I was always a fan of Italian designers for their “From spoon to the city” design approach. Vignelli once said, “If you can design one thing, you can design everything." You’re not going to be awesome at everything, but not trying is a “design crime” in my opinion :)
Shantell Martin (brand and website) - https://shantellmartin.art
One Shared House - an interactive documentary onesharedhouse.com
NU:RO Watch - http://nuro.co
One Shared House 2030 - a playful research on how people will live by the year 2030 http://onesharedhouse2030.com
Misplaced Series - Eleven New York City landmarks have been misplaced, their current location unknown - http://misplaced.design
What design challenges do you face at your company?
When we started our studio, we set out a rule that we will work 60% of our time on client projects, and 40% on personal projects. The reason for that was because we wanted to try out completely new things that were uncomfortable and sometimes personal. An area where we can learn, fail and experiment as much as we want without any supervision. It was also a way to gradually fill our portfolio with things that we really wanted to do. Although we’ve been more or less successful with this scheme and worked on at least one personal project a year, it’s still quite challenging to really keep this tricky balance working.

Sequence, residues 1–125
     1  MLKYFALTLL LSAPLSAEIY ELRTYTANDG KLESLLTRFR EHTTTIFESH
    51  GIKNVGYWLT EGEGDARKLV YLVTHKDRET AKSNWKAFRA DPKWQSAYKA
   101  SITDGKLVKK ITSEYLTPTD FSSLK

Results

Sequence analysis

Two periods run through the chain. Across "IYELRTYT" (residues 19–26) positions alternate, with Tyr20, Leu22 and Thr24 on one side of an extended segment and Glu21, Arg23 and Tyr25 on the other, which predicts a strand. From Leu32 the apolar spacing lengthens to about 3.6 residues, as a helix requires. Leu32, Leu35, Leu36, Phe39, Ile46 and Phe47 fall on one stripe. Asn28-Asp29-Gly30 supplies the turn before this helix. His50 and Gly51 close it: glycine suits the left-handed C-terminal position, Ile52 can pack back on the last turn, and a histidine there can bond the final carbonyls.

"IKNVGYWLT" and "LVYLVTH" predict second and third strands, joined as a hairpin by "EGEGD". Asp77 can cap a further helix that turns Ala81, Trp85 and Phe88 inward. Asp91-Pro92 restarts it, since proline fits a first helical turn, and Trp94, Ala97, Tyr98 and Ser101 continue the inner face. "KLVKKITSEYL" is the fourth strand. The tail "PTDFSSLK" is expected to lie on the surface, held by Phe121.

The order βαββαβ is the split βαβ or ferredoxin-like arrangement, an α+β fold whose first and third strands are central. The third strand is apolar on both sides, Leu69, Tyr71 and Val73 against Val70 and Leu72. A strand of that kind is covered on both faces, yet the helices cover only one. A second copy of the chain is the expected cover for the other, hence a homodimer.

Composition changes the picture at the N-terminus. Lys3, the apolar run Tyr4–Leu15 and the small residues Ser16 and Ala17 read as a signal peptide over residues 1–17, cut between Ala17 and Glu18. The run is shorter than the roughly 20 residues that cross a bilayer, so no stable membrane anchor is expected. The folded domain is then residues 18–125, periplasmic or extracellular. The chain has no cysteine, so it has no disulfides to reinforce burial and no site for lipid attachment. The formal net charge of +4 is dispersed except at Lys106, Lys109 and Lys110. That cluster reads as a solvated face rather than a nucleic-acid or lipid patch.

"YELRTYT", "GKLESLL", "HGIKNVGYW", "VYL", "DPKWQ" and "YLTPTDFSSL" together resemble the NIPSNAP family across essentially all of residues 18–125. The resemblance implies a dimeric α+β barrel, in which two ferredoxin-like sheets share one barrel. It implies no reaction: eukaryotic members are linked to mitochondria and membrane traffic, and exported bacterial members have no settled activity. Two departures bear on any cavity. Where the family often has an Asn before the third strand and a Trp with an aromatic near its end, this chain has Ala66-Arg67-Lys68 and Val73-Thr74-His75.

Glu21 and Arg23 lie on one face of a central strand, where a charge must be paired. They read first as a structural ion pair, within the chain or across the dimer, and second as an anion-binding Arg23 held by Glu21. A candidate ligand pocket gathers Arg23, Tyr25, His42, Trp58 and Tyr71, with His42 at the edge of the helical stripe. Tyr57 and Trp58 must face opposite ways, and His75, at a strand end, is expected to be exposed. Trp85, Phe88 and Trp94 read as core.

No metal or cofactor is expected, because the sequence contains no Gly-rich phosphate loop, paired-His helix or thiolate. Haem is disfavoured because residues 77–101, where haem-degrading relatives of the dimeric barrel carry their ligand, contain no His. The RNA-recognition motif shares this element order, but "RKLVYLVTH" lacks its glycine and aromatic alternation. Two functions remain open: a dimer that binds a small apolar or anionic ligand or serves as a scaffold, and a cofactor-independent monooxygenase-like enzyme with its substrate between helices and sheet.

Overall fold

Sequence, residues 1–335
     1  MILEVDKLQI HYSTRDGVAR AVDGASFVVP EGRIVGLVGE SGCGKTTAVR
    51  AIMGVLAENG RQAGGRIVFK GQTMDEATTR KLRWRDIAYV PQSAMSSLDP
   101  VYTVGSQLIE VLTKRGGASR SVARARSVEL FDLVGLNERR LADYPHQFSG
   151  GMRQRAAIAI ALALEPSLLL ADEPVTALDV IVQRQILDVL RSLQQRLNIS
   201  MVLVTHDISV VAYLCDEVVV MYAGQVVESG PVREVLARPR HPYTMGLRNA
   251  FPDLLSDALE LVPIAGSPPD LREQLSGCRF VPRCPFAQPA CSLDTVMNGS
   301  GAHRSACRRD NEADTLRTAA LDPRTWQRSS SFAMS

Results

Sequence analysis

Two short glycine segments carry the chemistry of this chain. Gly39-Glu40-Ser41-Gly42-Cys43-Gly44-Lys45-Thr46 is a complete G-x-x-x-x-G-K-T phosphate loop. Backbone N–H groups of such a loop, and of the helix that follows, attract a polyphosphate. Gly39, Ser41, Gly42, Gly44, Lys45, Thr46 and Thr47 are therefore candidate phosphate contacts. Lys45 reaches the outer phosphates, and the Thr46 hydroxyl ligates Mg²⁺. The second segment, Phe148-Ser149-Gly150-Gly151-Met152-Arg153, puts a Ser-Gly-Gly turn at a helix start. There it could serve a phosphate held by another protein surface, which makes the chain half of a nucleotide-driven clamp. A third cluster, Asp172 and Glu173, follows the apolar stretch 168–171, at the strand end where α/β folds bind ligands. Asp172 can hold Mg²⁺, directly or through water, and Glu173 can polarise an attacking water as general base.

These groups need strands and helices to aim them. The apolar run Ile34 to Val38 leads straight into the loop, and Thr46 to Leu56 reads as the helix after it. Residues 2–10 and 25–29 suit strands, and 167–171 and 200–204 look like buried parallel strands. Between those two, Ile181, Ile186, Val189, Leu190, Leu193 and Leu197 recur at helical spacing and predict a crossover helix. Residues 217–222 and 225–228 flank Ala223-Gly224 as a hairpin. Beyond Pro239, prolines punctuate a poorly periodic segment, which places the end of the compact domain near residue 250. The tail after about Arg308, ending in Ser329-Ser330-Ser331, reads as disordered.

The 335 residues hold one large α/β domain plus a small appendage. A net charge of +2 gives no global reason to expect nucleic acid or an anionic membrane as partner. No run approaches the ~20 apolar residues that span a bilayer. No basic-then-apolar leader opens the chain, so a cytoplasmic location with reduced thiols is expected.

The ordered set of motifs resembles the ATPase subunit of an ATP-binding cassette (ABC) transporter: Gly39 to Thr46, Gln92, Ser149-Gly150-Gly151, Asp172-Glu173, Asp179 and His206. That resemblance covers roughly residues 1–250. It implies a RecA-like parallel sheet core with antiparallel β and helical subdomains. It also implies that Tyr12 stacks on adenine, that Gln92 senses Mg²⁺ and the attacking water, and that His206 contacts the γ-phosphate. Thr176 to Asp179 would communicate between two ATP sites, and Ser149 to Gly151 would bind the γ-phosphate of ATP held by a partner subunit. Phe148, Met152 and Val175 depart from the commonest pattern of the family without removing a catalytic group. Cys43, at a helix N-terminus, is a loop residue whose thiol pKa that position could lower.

Anton & Irene - www.antonandirene.com
What music do you listen to whilst designing?
I think that one of the best things that happened online in the past few years is Spotify Discover Weekly. Every Monday, I start with the generated playlist and see where it takes me.
Any advice for ambitious designers?
- Don’t be lazy. I know very few people that became successful by working very little.
- Kern your texts.
- Remember that you work with people, not clients.
- Work in such a way, that would allow you to present your work at any moment of time.
- Learn how to explain/articulate your designs.
- Embrace limitations. They are good.
- Always do what you think is right. Then listen to the people you trust and do another version. Then do the opposite. Compare three options and choose the best.
- Don’t look at other portfolios.
- If you do UX before design, it will be boring. If you do design before UX, it will be a disaster.
- Don’t use typefaces where lowercase “a” looks like an “o” with a stick to the right. :-)
- Build custom tools and languages, not websites or apps.
- Remember that people are different.
- Walk a lot. Travel a lot.
- Don’t limit what you do with your job title.
- Learn new things. Do things that are uncomfortable.
- Don’t use stock photos. You have a camera in your pocket, take a photo yourself.
- Call your parents.
Anything you want to promote or plug?
We have this awesome space in Brooklyn that we set up where we work and we are looking for studio mates, so if you need a space and a cool company, check out onesharedstudio.com
Also, the watch. I personally sign each one of them and go to the post office to send them. nuro.co